All German helmets manufactured before 1942/1943 have the factory code and shell size stamped on the inside near the left chinstrap bale (D-ring). Later production of M40 and M42 helmets
have the factory code stamped on the inside rear skirt above the lot number stamp.
Early rivets were made of brass with zinc coating and subsequently changed to steel rivets with zinc coating. Early production rivets can also be found in aluminum but only in small numbers.
The manufacturer code is stamped on the inner rim on the left side close to the chinstrap bale. ET is the abbreviation for Eisenhüttenwerke - Thale (later ckl and CKL) who manufactured M35, M40 and M42 models. The number "62" indicates the shell size.
The same producer, Eisenhüttenwerke - Thale, this time with a ckl stamp. The change in manufacturer code from ET to ckl occurred during final production of the M40 and initial production of the M42 models. M42s can be found with ET stamps and M40s with ckl stamps. The change to an ordnance code (ckl) was to protect the identity and location of the manufacturer from the Allies. Notice the lot number «2938». The lot number indicates the particular batch of sheet steel that was used when a quantity of helmet shells were produced. This was accomplished through several steps of press-forming or hot-stamping the shells. The lot number serves as a control number for the manufacturer and as an extra stamp of approval.
Manufacturing stamp from the Quist factory, Q64. The number 64 represents the number of centimetres around the edge of steel shell. This number can vary from 60 cm to 70 cm (there are some examples known which are even bigger). The Quist factory primarly manufactured M35 and M40 models however an extremely small number of M42s have been observed.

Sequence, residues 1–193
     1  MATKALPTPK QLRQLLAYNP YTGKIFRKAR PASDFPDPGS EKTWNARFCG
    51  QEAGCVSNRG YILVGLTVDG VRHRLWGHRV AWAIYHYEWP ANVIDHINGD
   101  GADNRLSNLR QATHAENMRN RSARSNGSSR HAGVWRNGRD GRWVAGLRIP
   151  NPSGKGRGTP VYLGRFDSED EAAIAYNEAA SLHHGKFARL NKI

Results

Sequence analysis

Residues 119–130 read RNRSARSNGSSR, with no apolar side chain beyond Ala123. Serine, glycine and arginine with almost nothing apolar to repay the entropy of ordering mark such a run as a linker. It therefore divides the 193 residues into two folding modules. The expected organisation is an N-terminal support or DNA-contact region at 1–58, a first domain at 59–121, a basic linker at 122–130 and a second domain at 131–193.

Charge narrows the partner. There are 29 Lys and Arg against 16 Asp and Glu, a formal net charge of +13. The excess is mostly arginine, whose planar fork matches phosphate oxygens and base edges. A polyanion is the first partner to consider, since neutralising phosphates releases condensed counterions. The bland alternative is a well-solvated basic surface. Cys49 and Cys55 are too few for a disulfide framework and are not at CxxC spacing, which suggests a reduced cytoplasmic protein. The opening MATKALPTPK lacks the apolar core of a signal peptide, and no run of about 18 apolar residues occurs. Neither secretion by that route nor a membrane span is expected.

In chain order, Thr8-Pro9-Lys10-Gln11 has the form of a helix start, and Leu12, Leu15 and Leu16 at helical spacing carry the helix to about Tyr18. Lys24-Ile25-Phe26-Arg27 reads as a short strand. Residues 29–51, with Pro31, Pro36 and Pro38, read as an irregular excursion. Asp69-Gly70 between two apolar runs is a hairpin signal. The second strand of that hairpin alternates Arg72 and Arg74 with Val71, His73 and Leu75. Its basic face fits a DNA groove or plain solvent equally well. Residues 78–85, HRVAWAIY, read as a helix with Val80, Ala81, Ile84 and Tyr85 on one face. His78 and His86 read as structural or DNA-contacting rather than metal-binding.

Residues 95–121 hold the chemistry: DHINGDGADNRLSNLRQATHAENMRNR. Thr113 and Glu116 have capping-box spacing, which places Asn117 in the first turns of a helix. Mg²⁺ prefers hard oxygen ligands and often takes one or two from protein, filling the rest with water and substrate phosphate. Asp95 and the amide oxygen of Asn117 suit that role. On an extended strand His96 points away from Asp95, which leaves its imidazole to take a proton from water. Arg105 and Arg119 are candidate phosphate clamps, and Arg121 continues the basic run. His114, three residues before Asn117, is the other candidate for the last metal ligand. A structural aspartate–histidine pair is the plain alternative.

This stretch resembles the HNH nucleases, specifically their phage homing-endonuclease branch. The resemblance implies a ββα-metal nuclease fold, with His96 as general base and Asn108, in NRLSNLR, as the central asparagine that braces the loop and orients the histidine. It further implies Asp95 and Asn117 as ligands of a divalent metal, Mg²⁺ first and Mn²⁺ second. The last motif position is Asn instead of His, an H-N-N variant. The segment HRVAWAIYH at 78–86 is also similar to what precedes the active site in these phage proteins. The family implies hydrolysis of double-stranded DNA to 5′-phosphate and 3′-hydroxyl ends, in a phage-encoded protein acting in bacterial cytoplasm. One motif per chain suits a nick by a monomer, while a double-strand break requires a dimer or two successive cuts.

The SE factory used the ordnance code hkp as the war progressed. This hkp stamp is from an M40. The stamp is placed on the left inner skirt.
NS - Vereinigte Deutsche Nickelwerke, Schwerte. Manufactured M35, M40 and M42.
EF - Emaillerwerke A.G. Fulda. Manufactured M35, M40 and M42.
The head of a brass rivet. Note the shape of the head with a more domed (higher) profile. The zinc coating has partly chipped off taking with it the paint. During wear, the rivet heads often lost the coating and the overlaying paint didn’t adhere well to the rivet head’s surface.
The flat head of a brass rivet. The coating and paint have chipped off.
The domed head of a rivet still having some zinc coating. This rivet is on an early M35 and may actually be aluminum. Note the remnants of whitewash paint around the head.
Steel rivet with zinc coating on an M42. Note the textured paint around the head.
Flat-headed steel rivet.
Flat-headed brass rivet with zinc coating.
Steel rivet. Note all the paint has chipped of. Rust spots.
2 split rivets from D & C - Dransfeld und Company, Menden, the most common rivet manufacturer. To the left an aluminum rivet dated 1939 and to the right a brass rivet dated 1938.
A brass rivet marked S C and dated 1939. Note the pine tree insignia used by the manufacturer Schmöle und Company, Menden.
Steel split rivet with zinc coated slotted washer. Unmarked.
Late split rivet marked B & C, Beidermann und Czarkinkow, Berlin. Dated 1944.
2 slotted washers. To the left a zinc coated steel washer, to the right an aluminum washer.